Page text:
Saying goodbye to October, cybersecurity month !
Throughout October, we have been exploring different aspects of cybersecurity and how to protect our information online. Now, it is crucial to address a recent concern affecting Apple devices: the iLeakage exploit. This side-channel attack allows hackers to extract data, including Gmail inbox, from Apple devices running iOS, iPadOS, and macOS.
Security researchers funded by the United States Air Force Office of Scientific Research and the Defense Advanced Research Projects Agency have revealed the details of this exploit. Dubbed iLeakage, this attack can be deployed on Apple devices manufactured from 2020 onwards with A and M series CPUs and targets the Safari browser and any other browser app on an iPhone or iPad.
The iLeakage exploit uses a technique called “speculative execution” to carry out attacks against Safari on macOS devices. However, it also works in any browser on iPhones and iPads since these devices are required to use Apple’s WebKit engine.
In their paper titled “iLeakage: Browser-based Timerless Speculative Execution Attacks on Apple Devices,” the researchers reveal the magnitude of this exploit. A hacker could recover sensitive information by inducing Safari or another WebKit-based browser to render an arbitrary page. “In particular, we demonstrate how Safari allows a malicious web page to retrieve secrets from high-value targets,” the researchers reveal, including “the contents of the Gmail inbox.” Additionally, they also demonstrate exploits that can lead to “password recovery” auto-filled by password managers.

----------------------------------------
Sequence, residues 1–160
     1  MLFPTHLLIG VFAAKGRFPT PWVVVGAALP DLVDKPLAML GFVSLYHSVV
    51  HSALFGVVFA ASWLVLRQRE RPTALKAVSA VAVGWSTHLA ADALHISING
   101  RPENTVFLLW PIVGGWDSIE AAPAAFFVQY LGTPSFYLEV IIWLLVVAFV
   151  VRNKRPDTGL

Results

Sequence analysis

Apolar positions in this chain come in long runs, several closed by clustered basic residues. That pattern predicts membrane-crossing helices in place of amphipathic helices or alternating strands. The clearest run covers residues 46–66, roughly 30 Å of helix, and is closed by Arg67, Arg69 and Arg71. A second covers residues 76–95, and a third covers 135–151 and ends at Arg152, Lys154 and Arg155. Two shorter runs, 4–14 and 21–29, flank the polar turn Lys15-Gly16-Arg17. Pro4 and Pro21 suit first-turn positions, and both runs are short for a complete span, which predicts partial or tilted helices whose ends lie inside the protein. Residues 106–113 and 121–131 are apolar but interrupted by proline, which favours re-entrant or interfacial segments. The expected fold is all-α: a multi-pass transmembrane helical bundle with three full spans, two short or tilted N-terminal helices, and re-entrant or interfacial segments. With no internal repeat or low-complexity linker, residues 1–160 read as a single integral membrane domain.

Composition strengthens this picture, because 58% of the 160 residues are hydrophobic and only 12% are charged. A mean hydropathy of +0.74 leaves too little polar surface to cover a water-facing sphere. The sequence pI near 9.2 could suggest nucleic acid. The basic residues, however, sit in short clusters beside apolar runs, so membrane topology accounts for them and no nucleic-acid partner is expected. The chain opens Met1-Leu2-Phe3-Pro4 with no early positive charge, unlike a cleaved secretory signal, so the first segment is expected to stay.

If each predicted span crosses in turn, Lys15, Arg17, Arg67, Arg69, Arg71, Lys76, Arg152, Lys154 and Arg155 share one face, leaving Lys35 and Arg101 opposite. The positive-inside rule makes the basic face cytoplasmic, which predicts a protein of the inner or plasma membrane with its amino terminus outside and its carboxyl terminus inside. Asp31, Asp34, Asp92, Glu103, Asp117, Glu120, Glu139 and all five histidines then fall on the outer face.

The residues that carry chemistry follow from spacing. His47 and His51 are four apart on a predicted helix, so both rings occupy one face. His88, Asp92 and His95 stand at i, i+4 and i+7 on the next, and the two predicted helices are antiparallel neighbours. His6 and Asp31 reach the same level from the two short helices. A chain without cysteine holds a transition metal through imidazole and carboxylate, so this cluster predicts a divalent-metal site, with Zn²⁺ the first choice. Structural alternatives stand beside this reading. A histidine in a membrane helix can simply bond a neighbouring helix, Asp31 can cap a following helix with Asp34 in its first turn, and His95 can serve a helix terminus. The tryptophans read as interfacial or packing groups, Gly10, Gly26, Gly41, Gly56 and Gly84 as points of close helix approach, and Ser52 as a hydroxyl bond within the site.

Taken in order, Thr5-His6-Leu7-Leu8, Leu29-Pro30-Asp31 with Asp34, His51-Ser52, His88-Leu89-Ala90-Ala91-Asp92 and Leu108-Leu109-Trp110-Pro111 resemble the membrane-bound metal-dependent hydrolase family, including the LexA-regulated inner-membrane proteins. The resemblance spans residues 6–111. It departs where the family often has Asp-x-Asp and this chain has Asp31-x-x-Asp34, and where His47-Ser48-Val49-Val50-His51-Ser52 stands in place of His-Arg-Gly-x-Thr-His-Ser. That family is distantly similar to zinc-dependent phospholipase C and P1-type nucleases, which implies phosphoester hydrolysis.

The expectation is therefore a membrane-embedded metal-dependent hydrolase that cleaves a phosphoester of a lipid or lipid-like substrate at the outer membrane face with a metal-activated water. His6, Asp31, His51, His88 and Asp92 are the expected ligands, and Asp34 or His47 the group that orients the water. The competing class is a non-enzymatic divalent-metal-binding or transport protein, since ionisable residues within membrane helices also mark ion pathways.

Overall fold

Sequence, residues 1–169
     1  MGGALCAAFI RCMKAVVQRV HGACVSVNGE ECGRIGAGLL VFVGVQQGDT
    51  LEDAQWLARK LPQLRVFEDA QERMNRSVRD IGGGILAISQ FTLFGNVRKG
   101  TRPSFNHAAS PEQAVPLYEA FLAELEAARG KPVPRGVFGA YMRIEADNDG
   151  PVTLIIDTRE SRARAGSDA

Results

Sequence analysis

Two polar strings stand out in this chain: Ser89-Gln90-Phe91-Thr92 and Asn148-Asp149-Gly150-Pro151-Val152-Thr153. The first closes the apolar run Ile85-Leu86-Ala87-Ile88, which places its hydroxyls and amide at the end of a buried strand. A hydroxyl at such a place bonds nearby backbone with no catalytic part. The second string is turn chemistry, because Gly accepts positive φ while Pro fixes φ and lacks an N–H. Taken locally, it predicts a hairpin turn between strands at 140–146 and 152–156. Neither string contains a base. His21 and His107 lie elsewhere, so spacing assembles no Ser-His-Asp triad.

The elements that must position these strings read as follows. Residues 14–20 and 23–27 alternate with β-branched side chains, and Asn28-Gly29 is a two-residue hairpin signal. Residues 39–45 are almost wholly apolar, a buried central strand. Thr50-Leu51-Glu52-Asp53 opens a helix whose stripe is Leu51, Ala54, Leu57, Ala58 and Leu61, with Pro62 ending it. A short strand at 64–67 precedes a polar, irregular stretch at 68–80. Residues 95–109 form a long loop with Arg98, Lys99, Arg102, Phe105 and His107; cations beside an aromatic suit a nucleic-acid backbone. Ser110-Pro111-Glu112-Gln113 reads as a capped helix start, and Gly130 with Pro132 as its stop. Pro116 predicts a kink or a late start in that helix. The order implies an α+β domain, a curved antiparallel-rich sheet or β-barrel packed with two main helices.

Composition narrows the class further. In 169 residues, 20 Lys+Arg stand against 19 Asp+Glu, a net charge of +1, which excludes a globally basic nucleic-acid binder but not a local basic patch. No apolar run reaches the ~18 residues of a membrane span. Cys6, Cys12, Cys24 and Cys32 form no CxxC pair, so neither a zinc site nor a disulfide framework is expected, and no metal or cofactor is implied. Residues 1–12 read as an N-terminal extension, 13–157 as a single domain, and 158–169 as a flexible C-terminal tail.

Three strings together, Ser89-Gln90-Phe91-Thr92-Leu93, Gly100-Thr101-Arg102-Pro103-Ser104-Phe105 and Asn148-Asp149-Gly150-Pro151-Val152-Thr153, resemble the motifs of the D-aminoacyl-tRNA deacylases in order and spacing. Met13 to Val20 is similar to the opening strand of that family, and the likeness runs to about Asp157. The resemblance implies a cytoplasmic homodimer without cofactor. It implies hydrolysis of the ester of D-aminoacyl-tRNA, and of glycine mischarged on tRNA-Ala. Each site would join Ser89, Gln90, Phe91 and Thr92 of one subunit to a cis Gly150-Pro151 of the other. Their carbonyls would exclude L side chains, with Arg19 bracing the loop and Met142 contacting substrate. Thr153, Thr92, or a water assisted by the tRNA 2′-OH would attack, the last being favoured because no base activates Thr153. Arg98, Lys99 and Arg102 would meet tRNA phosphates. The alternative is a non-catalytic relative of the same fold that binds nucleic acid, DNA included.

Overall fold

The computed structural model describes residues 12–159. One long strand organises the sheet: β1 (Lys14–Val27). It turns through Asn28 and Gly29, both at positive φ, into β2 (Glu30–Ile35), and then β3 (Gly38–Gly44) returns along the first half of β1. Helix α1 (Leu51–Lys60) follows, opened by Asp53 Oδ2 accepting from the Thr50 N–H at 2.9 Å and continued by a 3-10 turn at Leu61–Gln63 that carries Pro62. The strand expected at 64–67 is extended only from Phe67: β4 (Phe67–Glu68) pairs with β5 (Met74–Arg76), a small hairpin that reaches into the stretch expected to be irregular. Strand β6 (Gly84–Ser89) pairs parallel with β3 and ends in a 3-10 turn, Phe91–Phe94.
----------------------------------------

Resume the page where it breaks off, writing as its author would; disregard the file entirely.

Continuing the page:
In the case of Gmail, a target would likely be logged into their personal Google account. “By having the event listener inside the attacker’s page run window. Open (gmail.com),” the researchers explain, “we can consolidate the target’s inbox view into the attacker’s address space. Then, we filter the contents of the target’s inbox.” Google has been contacted for a statement.
According to researchers, Apple was informed of the discovery of the iLeakage exploit on September 12, 2022. So far, the only mitigation by Apple is reserved for Safari on Macs. There is no mitigation available for iPhone or iPad users at this time.
However, an Apple spokesperson mentioned that “this proof of concept advances our understanding of these threats. We are aware of the issue, and it will be addressed in our next scheduled software release.“Apple
To our knowledge, iLeakage exploits have not been used in practice. This is, in part, because the attack is significantly challenging to orchestrate from start to finish and requires advanced knowledge of browser-based side-channel attacks and Safari implementation. On the other hand, iLeakage does not leave traces of an attack in the system log files, although the attack web page could be found in the browser cache since it runs in Safari. Researchers have confirmed that it is “improbable” to detect an attack.
As we say goodbye to October, let us remember the importance of cybersecurity in our digital lives. Let’s keep our devices updated, use strong passwords, and stay tuned for the latest news and security mitigations.
Let’s continue to protect our privacy online!